This melting pot included Bailey, with his brash, Cockney, skirt-chasing ways, and Shrimpton, the natural-looking country-girl-from-Berkshire-turned-model who became his lover. Also from the East End came Sassoon, who reinvented hair styling through careful study of Bauhaus architecture. (“I dreamt hair in geometry—squares, triangles, oblongs and trapezoids,” he once said.) Quant, on the other hand, was an art-school student who had fallen in with a group of bohemians who came to be known as the Chelsea Set. Her bold designs, bright hues, and diminishing hemlines—she is generally given credit for creating the miniskirt—finally gave young English women a look to distinguish them from their mums.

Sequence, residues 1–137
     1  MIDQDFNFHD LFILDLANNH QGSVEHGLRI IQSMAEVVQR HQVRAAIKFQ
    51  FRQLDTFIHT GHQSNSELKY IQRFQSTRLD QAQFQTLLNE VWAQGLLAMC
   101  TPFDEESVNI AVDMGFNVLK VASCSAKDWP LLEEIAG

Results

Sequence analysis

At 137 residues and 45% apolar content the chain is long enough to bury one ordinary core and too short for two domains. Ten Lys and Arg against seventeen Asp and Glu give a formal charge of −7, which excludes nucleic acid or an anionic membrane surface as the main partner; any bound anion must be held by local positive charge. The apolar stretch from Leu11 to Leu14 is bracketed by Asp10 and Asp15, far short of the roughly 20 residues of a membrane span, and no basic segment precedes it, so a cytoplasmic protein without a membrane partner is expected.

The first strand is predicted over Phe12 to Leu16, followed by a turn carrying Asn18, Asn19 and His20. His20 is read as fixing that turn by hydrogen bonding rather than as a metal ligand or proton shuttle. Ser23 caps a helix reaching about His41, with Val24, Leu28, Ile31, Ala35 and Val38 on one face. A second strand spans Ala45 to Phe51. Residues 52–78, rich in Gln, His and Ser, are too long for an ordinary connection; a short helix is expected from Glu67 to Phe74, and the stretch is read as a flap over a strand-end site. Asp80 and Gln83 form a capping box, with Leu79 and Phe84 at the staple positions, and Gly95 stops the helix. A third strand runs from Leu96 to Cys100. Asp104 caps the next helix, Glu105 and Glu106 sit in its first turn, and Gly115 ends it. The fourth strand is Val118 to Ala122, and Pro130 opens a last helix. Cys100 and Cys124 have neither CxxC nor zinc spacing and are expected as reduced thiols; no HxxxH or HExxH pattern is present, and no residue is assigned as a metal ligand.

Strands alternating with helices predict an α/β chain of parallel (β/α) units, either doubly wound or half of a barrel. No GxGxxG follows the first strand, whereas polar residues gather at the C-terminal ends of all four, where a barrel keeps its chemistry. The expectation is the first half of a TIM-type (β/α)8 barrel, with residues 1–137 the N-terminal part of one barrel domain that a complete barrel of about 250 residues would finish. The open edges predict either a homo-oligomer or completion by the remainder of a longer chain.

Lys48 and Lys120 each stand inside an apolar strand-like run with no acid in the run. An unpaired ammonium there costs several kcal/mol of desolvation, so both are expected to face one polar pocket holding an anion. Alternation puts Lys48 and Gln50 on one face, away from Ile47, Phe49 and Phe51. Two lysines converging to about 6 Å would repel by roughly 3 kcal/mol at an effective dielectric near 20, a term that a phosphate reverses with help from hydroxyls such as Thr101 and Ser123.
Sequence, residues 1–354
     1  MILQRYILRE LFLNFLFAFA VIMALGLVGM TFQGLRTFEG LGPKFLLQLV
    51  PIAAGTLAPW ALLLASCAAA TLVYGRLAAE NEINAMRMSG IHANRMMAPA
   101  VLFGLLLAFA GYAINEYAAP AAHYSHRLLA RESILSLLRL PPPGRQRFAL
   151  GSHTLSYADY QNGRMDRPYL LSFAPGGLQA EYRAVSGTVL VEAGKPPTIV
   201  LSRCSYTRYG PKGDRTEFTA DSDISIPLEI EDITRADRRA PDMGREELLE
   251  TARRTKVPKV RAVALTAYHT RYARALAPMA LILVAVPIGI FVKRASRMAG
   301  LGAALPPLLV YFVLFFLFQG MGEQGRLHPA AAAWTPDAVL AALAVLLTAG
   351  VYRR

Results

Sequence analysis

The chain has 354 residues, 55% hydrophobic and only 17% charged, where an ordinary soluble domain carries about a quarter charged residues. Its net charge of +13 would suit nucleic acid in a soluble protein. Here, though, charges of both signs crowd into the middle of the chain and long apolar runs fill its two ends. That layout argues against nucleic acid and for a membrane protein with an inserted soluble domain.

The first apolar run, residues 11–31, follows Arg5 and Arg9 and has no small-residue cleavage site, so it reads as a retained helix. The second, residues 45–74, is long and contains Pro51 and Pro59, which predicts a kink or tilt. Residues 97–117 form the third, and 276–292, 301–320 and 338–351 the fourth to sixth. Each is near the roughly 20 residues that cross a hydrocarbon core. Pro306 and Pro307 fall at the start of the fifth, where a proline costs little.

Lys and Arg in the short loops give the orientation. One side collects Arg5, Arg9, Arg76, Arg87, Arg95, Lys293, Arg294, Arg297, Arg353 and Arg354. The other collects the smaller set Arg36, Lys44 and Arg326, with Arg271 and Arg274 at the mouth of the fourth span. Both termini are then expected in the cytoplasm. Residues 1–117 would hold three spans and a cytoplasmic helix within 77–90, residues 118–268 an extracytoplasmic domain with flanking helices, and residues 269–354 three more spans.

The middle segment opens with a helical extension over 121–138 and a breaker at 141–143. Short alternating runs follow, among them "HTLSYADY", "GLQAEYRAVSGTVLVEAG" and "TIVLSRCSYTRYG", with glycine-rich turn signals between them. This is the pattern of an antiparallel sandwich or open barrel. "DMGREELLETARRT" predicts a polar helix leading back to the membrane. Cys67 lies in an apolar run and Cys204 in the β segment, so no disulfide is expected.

Epstein, whose clever machinations helped the Beatles to reach the toppermost of the poppermost, was the solidly middle-class son of a Liverpool merchant. (In what may be the most affecting passage of the book, Levy describes how once—but only once!—Epstein gave in to the long-suppressed urge to “scream along with the girls” at a Beatles concert.) Stamp, who like Bailey and Sassoon hailed from the East End, parlayed the lead role in Billy Budd into instant superstardom. Gallery owner Fraser was that rarest of birds, a blueblood who actually did something. And then there was Jagger, who, though the son of middle-class suburbanites, in time came to speak with an exaggerated Cockney accent. A ruthless social climber, Jagger left a trail of psychic casualties—most of them ex-girlfriends—in his wake. (Ah, Mick: One of my favorite passages in Levy’s book describes how Jagger blubbered upon his incarceration following the same trial that inspired the best from his bandmate Richards. “What am I gonna do? What in hell am I gonna do?” he sobbed, until, in Levy’s words, he was “upbraided” by disgusted girlfriend Marianne Faithfull: “God, Mick! Pull yourself together!”)